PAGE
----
Searching the Literature for Animal Testing Alternatives: A Tutorial
Why Report Your Results?
Under Section 2.31 (d)(1)(ii) of the Animal Welfare Act, the principal investigator is required to provide a written narrative to his or her Institutional Animal Care and Use Committee stating that alternatives to painful procedures have been explored and are not available.
Animal Care Policy #12 of the USDA Animal Care Resource Guide, "Consideration of Alternatives to Painful/Distressful
Procedures" states of this written narrative:
When a database search is the primary means of meeting this requirement, the
narrative should include:
1. the name(s) of the databases searched (due to the variation in subject
coverage and sources used, one database is seldom adequate);
2. the date the search was performed;
3. the time period covered by the search; and
4. the search strategy (including scientifically relevant terminology)
Regardless of the alternatives sources(s) used, the written narrative should
include adequate information for the IACUC to assess that a reasonable and
good faith effort was made to determine the availability of alternatives or
alternative methods. If a database search or other source identifies a bona fide
alternative method (one that could be used to accomplish the goals of the
animal use proposal), the IACUC may and should ask the PI to explain why
an alternative that had been found was not used. The IACUC, in fact, can
withhold approval of the study proposal if the Committee is not satisfied with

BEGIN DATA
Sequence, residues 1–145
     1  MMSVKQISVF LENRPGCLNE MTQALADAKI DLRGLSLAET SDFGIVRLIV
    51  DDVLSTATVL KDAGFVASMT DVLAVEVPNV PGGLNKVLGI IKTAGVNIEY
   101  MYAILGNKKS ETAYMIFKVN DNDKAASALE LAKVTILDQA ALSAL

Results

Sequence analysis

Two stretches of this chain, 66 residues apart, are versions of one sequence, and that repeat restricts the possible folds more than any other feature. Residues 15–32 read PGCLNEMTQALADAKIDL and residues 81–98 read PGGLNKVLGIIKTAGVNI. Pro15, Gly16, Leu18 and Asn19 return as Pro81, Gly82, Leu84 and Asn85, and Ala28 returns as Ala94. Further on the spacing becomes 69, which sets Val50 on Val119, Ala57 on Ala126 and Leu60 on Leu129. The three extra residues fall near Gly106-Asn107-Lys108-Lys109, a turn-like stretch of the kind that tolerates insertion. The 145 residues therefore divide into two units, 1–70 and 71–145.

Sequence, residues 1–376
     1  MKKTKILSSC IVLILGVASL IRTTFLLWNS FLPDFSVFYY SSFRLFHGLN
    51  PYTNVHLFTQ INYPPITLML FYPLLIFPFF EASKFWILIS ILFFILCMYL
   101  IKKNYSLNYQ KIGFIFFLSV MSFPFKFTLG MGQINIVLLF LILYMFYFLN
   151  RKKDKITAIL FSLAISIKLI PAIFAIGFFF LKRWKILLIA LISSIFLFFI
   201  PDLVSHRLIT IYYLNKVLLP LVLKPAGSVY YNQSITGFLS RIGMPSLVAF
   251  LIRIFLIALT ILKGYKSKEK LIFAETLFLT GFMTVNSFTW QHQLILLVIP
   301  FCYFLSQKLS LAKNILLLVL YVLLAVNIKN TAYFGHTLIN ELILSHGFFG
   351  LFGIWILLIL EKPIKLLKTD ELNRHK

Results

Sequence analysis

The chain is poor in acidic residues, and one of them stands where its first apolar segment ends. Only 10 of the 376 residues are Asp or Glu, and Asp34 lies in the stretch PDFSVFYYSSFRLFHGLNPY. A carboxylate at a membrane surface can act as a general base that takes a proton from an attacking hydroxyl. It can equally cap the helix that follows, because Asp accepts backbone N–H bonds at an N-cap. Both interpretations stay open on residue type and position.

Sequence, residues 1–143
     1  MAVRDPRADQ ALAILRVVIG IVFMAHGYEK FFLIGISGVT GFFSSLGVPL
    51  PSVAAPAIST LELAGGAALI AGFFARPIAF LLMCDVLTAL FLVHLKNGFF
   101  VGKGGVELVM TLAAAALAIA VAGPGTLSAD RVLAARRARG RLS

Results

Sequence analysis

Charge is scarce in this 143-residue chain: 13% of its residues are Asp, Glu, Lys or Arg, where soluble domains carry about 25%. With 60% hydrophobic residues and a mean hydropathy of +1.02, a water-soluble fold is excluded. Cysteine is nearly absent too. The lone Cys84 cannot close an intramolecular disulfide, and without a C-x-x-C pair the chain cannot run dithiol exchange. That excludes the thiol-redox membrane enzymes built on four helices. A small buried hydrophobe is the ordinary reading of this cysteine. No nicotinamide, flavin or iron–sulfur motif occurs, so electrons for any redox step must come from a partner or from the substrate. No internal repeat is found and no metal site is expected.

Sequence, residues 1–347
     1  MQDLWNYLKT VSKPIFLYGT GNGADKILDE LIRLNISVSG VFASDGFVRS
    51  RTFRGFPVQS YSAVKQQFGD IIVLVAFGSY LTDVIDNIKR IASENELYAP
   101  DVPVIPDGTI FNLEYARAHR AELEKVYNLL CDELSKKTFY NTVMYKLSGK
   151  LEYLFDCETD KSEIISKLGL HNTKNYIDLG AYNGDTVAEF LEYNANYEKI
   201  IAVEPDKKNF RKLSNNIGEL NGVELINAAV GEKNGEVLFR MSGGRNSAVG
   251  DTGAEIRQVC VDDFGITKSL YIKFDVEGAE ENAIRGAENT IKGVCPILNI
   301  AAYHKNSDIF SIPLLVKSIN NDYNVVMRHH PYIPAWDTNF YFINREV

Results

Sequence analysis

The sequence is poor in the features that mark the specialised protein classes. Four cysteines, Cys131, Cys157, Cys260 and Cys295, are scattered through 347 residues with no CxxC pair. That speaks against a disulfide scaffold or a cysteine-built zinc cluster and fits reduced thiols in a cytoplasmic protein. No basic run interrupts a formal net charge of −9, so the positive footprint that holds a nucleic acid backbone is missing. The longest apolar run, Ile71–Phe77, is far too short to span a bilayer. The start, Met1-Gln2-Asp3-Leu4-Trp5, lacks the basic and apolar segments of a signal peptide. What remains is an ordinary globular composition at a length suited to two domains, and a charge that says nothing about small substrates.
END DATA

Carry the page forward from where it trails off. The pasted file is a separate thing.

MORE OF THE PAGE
the procedures the PI plans to use in his study.
It will help your report to keep a log of the above four points for each search performed. You will be required to report this information anew to the IACUC when submitting a new protocol, amending an existing one, or requesting renewal.
Explanations of why an identified alternative was not used in the experimental procedure (if one is available) must also be included in the appropriate fields in your IACUC applications, as stated above.
In some fields, the development of new procedures in research may not be reported in journal literature, and thus may not be indexed in databases such as PubMed/MEDLINE. In these cases, it is the responsibility of the principal investigator to ensure that a search of appropriate literature sources such as government reports and conference proceedings is performed. When an expert is consulted, a description of his or her credentials and relevant expertise must be included.